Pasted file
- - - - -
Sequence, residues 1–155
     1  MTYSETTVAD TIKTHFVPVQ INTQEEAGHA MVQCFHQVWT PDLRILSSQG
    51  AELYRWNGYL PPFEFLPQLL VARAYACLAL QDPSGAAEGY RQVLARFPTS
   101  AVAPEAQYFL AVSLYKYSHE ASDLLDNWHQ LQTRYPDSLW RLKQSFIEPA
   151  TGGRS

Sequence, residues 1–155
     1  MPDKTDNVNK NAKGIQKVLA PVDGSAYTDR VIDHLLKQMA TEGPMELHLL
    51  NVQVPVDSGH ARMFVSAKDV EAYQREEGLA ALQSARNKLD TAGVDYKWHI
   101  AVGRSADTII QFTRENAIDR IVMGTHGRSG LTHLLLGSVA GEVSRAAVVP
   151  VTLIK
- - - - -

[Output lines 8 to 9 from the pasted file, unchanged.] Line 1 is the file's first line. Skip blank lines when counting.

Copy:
    51  NVQVPVDSGH ARMFVSAKDV EAYQREEGLA ALQSARNKLD TAGVDYKWHI
   101  AVGRSADTII QFTRENAIDR IVMGTHGRSG LTHLLLGSVA GEVSRAAVVP